United States District Court, E.D. Wisconsin
Stadtmueller U.S. District Judge
April 10, 2017, the parties jointly requested entry of a
protective order so that they may avoid the public disclosure
of confidential information and documents. (Docket #29). Rule
26(c) allows for an order “requiring that a trade
secret or other confidential research, development, or
commercial information not be revealed or be revealed only in
a specified way.” Fed.R.Civ.P. 26(c)(1)(G), Civil L. R.
Court sympathizes with the parties' request and will
grant it, but, before doing so, must note the limits that
apply to protective orders. Protective orders are, in fact,
an exception to the general rule that pretrial discovery must
occur in the public eye. Am. Tel. & Tel. Co. v.
Grady, 594 F.2d 594, 596 (7th Cir. 1979); Fed.R.Civ.P.
26(c); see also Citizens First Nat'l Bank of
Princeton v. Cincinnati Ins. Co., 178 F.3d 943, 945-46
(7th Cir. 1999). Litigation must be “conducted in
public to the maximum extent consistent with respecting trade
secrets…and other facts that should be held in
confidence.” Hicklin Eng'r, L.C. v.
Bartell, 439 F.3d 346, 348 (7th Cir. 2006).
the Court can enter a protective order if the parties have
shown good cause, and also that the order is narrowly
tailored to serving that cause. Fed.R.Civ.P. 26(c); see,
e.g., Citizens First Nat'l Bank of
Princeton, 178 F.3d at 945, Jepson, Inc. v. Makita
Elec. Works, Ltd., 30 F.3d 854, 858 (7th Cir. 1994)
(holding that, even when parties agree to the entry of a
protective order, they still must show the existence of good
cause). The Court can even find that broad, blanket
orders-such as the one in this case-are narrowly tailored and
permissible, when it finds that two factors are satisfied:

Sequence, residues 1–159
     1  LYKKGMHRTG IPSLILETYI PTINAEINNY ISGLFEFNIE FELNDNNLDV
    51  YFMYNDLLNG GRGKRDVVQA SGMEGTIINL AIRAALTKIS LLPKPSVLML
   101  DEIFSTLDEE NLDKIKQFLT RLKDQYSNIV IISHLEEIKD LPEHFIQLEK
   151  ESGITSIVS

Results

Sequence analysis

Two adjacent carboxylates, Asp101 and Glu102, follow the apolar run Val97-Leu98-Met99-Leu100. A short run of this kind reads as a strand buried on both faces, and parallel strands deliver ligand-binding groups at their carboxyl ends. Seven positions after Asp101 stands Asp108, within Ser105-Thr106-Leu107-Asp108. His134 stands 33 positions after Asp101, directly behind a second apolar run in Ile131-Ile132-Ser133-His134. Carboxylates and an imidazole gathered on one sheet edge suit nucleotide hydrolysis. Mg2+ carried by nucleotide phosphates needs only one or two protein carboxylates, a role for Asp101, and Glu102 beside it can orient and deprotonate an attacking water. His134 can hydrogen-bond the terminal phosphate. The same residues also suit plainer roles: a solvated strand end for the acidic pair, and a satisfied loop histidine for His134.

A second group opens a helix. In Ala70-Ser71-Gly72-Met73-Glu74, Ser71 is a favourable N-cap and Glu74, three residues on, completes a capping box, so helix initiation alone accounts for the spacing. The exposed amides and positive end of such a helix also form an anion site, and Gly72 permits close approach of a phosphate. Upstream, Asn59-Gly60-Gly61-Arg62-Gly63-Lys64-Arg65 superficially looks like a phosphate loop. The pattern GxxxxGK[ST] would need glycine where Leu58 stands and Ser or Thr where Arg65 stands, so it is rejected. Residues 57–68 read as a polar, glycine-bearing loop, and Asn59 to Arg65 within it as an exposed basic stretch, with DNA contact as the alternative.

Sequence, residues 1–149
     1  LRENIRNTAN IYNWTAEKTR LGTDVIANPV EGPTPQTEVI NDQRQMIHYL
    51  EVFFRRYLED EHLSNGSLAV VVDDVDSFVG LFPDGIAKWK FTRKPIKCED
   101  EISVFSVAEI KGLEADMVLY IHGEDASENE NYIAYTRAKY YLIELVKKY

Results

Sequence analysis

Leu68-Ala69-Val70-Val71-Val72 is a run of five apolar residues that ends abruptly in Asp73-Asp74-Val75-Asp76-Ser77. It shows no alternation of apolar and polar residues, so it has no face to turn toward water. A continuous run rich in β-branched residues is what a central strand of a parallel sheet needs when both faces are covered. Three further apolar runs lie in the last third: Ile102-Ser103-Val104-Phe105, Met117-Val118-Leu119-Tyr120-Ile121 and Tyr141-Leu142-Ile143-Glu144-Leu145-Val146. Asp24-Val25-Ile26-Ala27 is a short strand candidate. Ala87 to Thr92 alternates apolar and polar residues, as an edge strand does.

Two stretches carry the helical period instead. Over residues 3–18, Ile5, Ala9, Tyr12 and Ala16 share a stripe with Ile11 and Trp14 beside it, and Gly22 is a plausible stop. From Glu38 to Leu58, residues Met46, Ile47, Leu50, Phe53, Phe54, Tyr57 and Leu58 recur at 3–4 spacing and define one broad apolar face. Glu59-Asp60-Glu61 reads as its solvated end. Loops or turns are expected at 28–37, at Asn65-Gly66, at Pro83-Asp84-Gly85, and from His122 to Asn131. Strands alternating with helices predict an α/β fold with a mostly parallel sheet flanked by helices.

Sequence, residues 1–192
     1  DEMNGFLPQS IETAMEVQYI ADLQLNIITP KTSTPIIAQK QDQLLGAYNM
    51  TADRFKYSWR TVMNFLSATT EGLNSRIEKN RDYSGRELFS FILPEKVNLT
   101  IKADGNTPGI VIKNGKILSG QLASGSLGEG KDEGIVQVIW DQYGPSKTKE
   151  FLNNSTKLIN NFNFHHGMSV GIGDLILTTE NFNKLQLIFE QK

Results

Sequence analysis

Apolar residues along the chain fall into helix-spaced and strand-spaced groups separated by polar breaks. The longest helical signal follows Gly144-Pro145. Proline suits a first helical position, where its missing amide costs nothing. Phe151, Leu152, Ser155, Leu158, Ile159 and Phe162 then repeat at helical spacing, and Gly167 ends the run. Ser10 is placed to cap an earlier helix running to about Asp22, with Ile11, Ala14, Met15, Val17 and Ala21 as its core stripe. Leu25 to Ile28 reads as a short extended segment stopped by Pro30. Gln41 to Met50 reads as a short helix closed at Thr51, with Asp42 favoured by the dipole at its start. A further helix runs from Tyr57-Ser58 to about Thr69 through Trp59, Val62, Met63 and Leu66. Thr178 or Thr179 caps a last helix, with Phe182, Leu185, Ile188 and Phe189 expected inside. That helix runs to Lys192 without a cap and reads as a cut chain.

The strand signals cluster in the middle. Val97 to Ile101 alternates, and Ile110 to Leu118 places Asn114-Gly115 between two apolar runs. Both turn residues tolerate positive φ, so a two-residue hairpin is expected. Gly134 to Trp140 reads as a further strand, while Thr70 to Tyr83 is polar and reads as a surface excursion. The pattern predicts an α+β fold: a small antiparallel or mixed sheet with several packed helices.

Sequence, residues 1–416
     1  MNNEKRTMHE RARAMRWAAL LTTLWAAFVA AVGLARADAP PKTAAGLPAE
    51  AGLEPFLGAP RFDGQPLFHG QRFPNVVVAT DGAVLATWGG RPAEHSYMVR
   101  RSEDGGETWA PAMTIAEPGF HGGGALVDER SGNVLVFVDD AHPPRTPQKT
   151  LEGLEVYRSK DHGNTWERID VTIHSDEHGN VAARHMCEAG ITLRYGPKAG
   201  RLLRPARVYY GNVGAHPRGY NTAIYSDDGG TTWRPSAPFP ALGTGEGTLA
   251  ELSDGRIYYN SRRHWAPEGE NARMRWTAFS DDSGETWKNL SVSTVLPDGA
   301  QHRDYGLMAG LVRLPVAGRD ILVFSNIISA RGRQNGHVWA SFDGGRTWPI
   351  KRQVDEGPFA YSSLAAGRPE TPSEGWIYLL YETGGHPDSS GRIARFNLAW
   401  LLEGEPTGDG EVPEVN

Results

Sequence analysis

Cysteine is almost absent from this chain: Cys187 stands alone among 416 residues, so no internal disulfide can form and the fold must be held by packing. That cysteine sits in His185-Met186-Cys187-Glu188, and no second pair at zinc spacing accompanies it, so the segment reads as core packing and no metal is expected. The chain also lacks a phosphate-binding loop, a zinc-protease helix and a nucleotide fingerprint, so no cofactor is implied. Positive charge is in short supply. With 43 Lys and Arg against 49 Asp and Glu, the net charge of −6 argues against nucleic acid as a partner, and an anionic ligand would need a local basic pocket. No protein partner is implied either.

(1) that the parties will act in good faith in designating
the portions of the record that should be subject to the
protective order; and
(2) that the order explicitly allows the parties to the case
and other interested members of the public to challenge the
sealing of documents.
County Materials Corp. v. Allan Block Corp., 502
F.3d 730, 740 (7th Cir. 2006) (citing Citizens First
Nat'l Bank of Princeton, 178 F.3d at 945).
parties have requested the protective order in this case in
good faith. This case involves claims against the various
county defendants, employees, and insurers seeking relief
under both 42 U.S.C. § 1983 and state law for alleged
damages arising out of a call from the residence of the
Plaintiff during a medical emergency. (Docket #19). This case
will likely entail disclosure of sensitive employment and
medical information. See, e.g., (Docket #17 at 4).
The Court thus finds that there is good cause to issue the
requested protective order.
the Court finds that a slight change is necessary to maintain
compliance with the above-cited precedent. The proposed order
requires sealing, in whole or in part, of all confidential
documents. This departs from the Court's desire to ensure
that every phase of the trial occurs in the public eye to the
maximum extent possible. See Hicklin Eng'r,
L.C., 439 F.3d at 348. While the Court understands that
some documents will need to be sealed entirely, other
documents may contain only small amounts of confidential
information, and so redaction of those documents may be more
appropriate. The Court has modified the parties' proposed
language to that effect. See supra Paragraph (5).
the Court must note that, while it finds the parties'
proposed order to be permissible and will, therefore, enter
it, the Court subscribes to the view that the Court's
decision-making process must be transparent and as publicly
accessible as possible. Thus, the Court preemptively warns
the parties that it will not enter any decision under seal.
Based on the stipulation of the parties, (Docket #29), and
the factual representations set forth therein, and elsewhere
in the pleadings, the Court finds that exchange of sensitive
information between or among the parties and/or third parties
other than in accordance with this Order may cause
unnecessary damage and injury to the parties or to others.
The Court further finds that the terms of this Order are fair
and just and that good cause has been shown for entry of a
protective order governing the confidentiality of documents
produced in discovery, answers to interrogatories, answers to
requests for admission, and deposition testimony.
IS ORDERED that, pursuant to Fed.R.Civ.P. 26(c) and
Civil L. R. 26(e):
following documents are to be handled as confidential and
subject to this Order:
Personnel and employment files of Ryan R. Reinders, Sonya M.